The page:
Songwriter spreads
alternative love
Posted April 21, 2006
Emmah Obradovich
Solo artist Patrick McKeone, 26, performs alternative rock every Thursday night at Friar Tucks in Claremont and every Wednesday at Kelly’s Sports Bar in Chino. McKeone has been playing the guitar since he was 14 years old and has performed in various venues across the Inland Empire for the past six years.

Kady Bell
Staff Writer

As the occasional swirling hum of smoothie-making blenders drifted through the air, the lulling and more commanding sound of alternative rock artist Patrick McKeone’s voice overwhelmed the small quarters of Podge’s Claremont Juice Co. on April 7, happily filling the ears and hearts of his growing following – known as “Pat Nation” – with compositions torn directly from the pages of his soul.

On almost every night of the week, McKeone, a 26-year-old Moreno Valley resident raised in Upland, can be found serenading dedicated devotees – all known by name, welcomed at the door and personally seen out – at various venues throughout the Inland Empire in a concentrated effort to impart his musical-passion-turned-profession on the immediate world.

“I always liked how Jim Morrison was referred to as a poet, because, if you think about it, all songwriters are in a sense,” McKeone said. “The only thing that separates me from everyone else is that I share.”

McKeone was easily enthralled by music at a young age. He said he had often pulled his father’s guitar out from its hiding place under the bed, dragging it to him and singing along to such classic rock songs as “Bellbottom Blues,” “Twist and Shout” and “Wonderful Tonight,” all of which eventually became his melodious foundation, leading to a stint with drums at age eight, bass at 12 and an everlasting guitar-oriented obsession.

“I remember that music was always very good for me as a child,” McKeone said. “Music can do so many things; it can make you smile, it can make you dance, make you think, make you feel.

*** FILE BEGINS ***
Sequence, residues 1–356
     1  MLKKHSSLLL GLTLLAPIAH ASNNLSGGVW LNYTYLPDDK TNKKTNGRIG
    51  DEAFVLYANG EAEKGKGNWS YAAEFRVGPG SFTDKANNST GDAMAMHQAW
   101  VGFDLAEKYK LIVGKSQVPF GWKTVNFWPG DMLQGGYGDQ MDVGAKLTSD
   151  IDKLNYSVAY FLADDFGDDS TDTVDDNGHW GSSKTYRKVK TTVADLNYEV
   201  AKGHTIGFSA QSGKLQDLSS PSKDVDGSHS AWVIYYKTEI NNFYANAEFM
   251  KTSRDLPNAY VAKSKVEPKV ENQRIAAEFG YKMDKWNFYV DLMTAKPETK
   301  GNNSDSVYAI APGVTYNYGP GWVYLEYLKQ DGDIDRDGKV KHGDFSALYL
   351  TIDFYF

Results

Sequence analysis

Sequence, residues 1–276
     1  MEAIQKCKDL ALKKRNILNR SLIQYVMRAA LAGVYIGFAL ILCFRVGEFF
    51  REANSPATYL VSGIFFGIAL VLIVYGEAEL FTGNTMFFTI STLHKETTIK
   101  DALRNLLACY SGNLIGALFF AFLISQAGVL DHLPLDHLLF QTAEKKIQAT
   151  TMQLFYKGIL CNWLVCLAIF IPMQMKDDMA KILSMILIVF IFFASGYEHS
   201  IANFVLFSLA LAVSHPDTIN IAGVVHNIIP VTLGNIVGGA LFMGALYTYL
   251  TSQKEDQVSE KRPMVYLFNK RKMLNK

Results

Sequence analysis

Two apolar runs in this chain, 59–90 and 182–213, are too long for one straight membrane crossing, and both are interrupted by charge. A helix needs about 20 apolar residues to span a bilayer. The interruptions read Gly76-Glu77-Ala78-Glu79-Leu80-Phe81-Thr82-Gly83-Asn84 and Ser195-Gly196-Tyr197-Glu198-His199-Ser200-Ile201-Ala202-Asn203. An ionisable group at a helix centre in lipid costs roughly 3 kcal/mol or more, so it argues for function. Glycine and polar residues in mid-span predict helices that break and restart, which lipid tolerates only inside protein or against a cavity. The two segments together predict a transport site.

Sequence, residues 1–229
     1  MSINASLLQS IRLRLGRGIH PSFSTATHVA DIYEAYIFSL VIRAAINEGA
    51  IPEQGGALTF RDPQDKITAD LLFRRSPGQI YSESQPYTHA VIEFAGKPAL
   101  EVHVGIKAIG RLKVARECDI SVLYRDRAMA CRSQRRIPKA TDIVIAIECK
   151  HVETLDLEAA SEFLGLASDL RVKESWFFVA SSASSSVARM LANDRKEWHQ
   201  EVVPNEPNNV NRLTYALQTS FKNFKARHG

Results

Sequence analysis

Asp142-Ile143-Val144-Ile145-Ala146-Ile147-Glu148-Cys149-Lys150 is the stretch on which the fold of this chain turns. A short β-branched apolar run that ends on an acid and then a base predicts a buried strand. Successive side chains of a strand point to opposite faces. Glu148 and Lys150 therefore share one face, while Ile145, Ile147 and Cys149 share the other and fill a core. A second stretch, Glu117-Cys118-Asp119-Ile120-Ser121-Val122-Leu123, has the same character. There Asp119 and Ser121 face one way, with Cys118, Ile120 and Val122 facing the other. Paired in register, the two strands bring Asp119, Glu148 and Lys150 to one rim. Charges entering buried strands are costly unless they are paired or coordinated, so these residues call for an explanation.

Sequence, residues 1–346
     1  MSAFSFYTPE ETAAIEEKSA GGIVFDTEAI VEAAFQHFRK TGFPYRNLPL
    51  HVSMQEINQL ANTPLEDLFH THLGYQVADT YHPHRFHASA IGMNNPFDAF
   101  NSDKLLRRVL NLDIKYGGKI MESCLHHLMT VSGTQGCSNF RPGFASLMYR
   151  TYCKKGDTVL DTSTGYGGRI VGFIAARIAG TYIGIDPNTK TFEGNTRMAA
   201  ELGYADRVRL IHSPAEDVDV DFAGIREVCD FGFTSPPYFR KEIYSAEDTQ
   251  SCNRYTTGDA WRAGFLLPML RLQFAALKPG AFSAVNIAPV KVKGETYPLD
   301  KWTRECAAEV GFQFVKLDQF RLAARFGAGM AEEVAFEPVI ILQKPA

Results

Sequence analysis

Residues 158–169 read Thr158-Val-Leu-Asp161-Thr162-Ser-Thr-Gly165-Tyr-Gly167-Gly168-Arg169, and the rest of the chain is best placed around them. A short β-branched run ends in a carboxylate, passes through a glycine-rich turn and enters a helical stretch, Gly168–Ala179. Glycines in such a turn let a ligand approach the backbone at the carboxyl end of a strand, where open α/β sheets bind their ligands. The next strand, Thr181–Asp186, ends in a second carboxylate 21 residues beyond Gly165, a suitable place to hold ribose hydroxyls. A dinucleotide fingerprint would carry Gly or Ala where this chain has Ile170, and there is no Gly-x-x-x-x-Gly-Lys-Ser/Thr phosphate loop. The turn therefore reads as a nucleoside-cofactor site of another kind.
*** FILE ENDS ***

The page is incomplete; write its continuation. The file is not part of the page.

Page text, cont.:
“When I received the gift of song, it was like I was able to write my own stories and take my pain and put it into healing for others,” he added. “There were times when I really felt like it was a gift and a curse all in one, but once I got over that hill and understood the beauty of it, I thought it was total serenity.”

His amazingly versatile voice is a throwback to his school choral training, and the slew of representative songs posted on MySpace and offered on his two demos, “Live @ BB King’s” and “The World CD,” hardly compared to the raw talent he displayed while live and three-dimensional.

He sometimes turned the body of his guitar into a drum while singing – moving his head to the resultant rhythm – and seemingly intertwined progressive and simplistic, melody-driven harmonies in songs such as “Show Me the Way” and “Jeffrey,” emphasizing heart-wrenching messages through poetic persuasion, all the while solidifying or building relationships with existing and potential fans.

“The key is writing things that people can connect with,” McKeone said. “There’s nothing you can say that hasn’t been said a million times over, so you have to make it your own; it has to come from within.”

Although he has been the embodiment of a solo musician since abandoning hopes of turning his on-again, off-again band Well Spent into a permanent effort in 2003, songs such as “Does it Exist,” “Father’s Love” and “If You Only Knew” exhibited his impressive vocal range and capability of producing an all-encompassing sound, typically only feasible through full instrumentation.

By his own admittance, he would place last at a spelling bee, but his songs – condensed love letters mixed with insightful responses to everyday occurrences – consisted of beautifully symbolic and intelligent prose.

He pointed to the world as his inspiration, lending more than 100 works to his three songbooks sometimes jokingly referred to as versions of the Old and New Testament.

“I always try to recreate myself and never write the same song twice, both musically and lyrically speaking,” McKeone said. “I don’t want to get in that rut; I want each song to be its own entity, so to speak.”

Sideburns reminiscent of Elvis Presley, a slight soul patch and vintage clothing have given McKeone the appearance of a well-dressed, clean-cut rock ‘n’ roller who once knew grungier days.

His undeniably humble appeal, combined with his magnetic personality and masterful abilities as a self-taught musician, has earned him many lifetime supporters as well as regular gigs at Kelly’s Sports Bar and Billiards in Chino every Wednesday and Friar Tuck’s in Pomona every Thursday.

“I think a lot of artists have a ‘rock star’ mentality that I just don’t have,” McKeone said. “I’m just a normal person; I put my pants on one leg at a time.”

Mary Longtin, a longtime fan and friend from Rancho Cucamonga, said McKeone’s innate star qualities allowed him to turn even the slummiest of bars into an acoustic heaven.

“He’s a really good songwriter and an outstanding musician, as well as a very talented entertainer,” Longtin said.

“His music hits that heart chord inside,” Claire Jackson, a MySpace fan from San Bernardino, added. “I know when music is good because it consumes your senses, even smell. I’ve smelled his music and it smells good.”

For more information about McKeone, visit

Kady Bell can be reached at

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